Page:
The water felt like acid on my skin.
Putting the cream on afterwards was painful as well. Time to start taking some Tylenol. Lets put it this way... I had extensive gum surgery a few years ago and didn't take the Tylenol 3s and Percocet I was prescribed. I'd be taking smaller portions of them starting tomorrow.
All this being said, it hasn't been as bad as I suspected - so far. I keep trying to keep that final goal in mind - having skin that has much less pre-cancerous spots and less likely to develop melanoma at some point in the future.
My visit to the Dr. yesterday was interesting. He doesn't want to prescribe me anything to relieve itching because "we're looking for a histamine response". His solution to that and the pain was "Tylenol and cold compresses". He said that I should continue until I get blistering/scabbing and then stop - not necessarily going by the 30 day instructions he initially gave.
He suggested that it was "my call" to do the rest of my face at the same time, and that perhaps it would be best leaving it until after we're finished on my forehead. Who wants to go through 4 months + of this? Given that I'd already started, I figured I may as well persevere.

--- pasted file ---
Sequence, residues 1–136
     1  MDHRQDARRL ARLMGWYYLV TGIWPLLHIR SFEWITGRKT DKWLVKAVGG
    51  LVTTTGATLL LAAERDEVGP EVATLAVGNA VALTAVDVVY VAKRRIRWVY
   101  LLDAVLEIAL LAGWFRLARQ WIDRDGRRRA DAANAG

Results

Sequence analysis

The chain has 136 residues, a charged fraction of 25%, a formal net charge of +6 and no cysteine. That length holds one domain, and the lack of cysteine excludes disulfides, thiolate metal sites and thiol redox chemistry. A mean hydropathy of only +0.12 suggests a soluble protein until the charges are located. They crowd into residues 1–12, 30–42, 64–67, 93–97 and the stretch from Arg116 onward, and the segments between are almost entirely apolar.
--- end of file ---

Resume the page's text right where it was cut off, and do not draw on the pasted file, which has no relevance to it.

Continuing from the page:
Meanwhile, I see things are starting on the rest of my face. Particularly near my mouth. Oh joy. That means more of me to see for anyone reading this.
It's interesting (in a way) that the angry spot in the middle of my forehead corresponds to where I had a sunburn blister back in 1976. I remember that. I got burnt so bad I could barely move my face and mouth. History repeating.
A note to any Doctors that happen to be reading this:
- Don't treat your patients as a number.
- Give them more than 3 minutes of your time.
- Listen to them. We're people and don't have all the knowledge you do.
- Having Interns examine and deal with us is fine, but you walking in for the last minute of our appointment time does nothing to instill confidence. Especially when a good deal of the first two minutes was spend clarifying/correcting details in my file.
- Don't lose your patience with someone asking what you seem to think is a silly question. This is new for many of us, and we're scared.
- If a patient asks about pain meds, or something to make the process easier, don't pooh-pooh the idea and suggest cold compresses. Some of us won't ask unless we really need it. Not everyone is a drug addict looking to score a fix.
- GPs.... please do NOT refer your patients to specialists who are so busy that a patient can never get through to their office by phone, or those that only hold "clinics" once a month at a local hospital. Nor should you refer them to Drs. who are more interested in selling Botox/Restylane and other cosmetic fixes than dealing with problems that could kill you.